"Thought you might see it that way," he chuckled. "But I still want to see the Temple…"
His tone was light but I knew he was serious and I couldn't help freezing up. There was nothing, absolutely nothing, about Sierra Verde or the Temple that I ever wanted to experience again. Hell, the memories were too much. When I didn't say anything, he sighed, all traces of amusement gone as he said quietly, "I'll go alone if you don't want to come with me, but I think this is something we need to do."
There was a note of resignation in his voice, as if he'd expected my hesitation and when I cut a look at him, I saw the distant look in his eyes of what…sorrow? And I knew I was doing it again, withdrawing when he needed me to be present, leaving him uncertain when he needed to know I was as committed to our partnership as he was. Swallowing, I took a breath and replied, "No, we'll go together, whenever you want."
He gave me a long look and I could see the compassion and understanding in his eyes…and the gratitude that I had accepted his assessment that this was needed. And then, he moved across the floor to stand in front of me as he said, his voice quiet, almost gentle, "It's a good place, Jim, a place built for special people like you…it's time we banished the last of the shadows…"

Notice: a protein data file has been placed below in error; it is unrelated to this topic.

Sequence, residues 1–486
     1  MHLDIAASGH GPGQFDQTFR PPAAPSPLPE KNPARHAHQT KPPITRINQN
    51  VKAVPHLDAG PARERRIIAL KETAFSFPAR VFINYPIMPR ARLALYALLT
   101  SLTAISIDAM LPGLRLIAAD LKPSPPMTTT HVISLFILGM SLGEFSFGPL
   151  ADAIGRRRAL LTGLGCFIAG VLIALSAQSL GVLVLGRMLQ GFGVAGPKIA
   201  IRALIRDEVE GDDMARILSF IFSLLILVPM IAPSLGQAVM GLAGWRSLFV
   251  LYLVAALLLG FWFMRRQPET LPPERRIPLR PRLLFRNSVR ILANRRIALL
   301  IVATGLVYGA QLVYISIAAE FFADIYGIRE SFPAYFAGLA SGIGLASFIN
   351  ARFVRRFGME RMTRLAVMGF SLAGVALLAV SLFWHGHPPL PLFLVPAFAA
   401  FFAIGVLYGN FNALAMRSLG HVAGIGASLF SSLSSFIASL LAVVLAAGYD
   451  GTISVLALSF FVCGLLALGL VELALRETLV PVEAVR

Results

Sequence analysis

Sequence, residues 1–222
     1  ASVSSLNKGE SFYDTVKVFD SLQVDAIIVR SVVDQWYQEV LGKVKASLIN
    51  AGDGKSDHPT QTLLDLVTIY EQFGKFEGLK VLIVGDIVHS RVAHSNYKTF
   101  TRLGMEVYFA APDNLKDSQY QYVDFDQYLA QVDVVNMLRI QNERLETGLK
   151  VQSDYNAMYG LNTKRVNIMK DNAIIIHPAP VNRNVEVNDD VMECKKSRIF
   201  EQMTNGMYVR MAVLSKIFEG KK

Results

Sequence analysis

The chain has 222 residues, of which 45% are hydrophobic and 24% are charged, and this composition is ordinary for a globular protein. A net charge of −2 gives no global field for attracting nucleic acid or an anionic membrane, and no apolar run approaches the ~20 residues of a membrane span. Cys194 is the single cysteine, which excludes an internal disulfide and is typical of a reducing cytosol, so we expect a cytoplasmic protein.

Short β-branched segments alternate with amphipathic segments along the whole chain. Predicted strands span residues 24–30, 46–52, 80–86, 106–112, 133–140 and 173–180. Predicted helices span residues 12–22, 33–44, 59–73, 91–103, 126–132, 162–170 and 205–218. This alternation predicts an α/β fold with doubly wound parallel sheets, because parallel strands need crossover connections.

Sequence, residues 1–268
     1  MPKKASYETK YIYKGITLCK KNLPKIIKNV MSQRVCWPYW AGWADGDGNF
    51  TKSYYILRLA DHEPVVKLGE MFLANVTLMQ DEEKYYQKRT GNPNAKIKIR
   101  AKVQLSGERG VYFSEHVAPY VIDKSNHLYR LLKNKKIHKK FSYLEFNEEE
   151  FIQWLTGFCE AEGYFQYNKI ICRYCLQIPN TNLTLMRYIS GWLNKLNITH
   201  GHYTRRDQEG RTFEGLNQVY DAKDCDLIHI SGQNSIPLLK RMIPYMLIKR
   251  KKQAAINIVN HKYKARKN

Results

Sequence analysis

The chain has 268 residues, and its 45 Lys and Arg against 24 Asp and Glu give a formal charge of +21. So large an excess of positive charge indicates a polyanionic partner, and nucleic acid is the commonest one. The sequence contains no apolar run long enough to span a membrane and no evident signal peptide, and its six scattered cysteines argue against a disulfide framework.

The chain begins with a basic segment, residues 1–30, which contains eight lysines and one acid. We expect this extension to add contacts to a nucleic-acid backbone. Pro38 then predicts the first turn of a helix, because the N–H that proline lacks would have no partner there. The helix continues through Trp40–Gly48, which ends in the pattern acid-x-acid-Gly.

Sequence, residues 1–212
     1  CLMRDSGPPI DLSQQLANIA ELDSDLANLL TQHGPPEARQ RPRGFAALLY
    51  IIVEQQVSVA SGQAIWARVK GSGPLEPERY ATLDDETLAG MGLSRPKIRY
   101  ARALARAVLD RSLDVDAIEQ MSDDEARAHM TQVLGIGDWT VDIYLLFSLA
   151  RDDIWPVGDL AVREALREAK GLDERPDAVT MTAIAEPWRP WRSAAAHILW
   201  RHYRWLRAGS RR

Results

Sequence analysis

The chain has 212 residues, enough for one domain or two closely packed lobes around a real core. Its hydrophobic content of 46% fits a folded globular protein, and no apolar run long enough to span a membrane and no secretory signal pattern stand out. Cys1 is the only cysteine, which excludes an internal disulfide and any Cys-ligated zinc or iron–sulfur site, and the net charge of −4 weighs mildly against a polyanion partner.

I nodded wordlessly. When he's right, he's right. We did need to go there together. Blowing out a breath, I straightened. "Well, it's late, I guess we should call it a night."
"Yeah," he agreed with a small smile. "Good night, Jim." And then as I stepped back from the doorway and turned away, he closed the doors behind me. This was his first night in his new place.
It's crazy, I guess…I mean, I knew he was right there, just on the other side of those panels of glass, but when I heard the latch click closed behind me, I felt the separation that those doors represented. We'd shared a place for almost four years. I don't know, I can't explain it, but my throat tightened and I felt somehow bereft. I gave myself a shake and told myself I was being ridiculous…
So I turned off the lights and continued on upstairs, all the while listening to him turning off lights and climbing his own staircase. I could hear his heart beating and though it was a little more distant than I was used to, the sound I needed to hear was still there. When I looked back down at the barrier that now separated us, the ambient glow from the streetlights and the moon streaming in through the balcony doors of both apartments illuminated the imagery etched on the glass. The colours were muted, but I could clearly see the jaguar and the wolf leaping toward one another in the splash of silvery light…
And it was oddly comforting.
The very doors that separated us also represented the one moment of all that had happened during that terrible time that I never wanted to forget and would always cherish-the symbol of how I sincerely hoped our lives would always be bound together….
Jaguar and Wolf…Sentinel and Guide.
And I will remember you,
Will you remember me?
Don't let your life pass you by,
Weep not for the memories….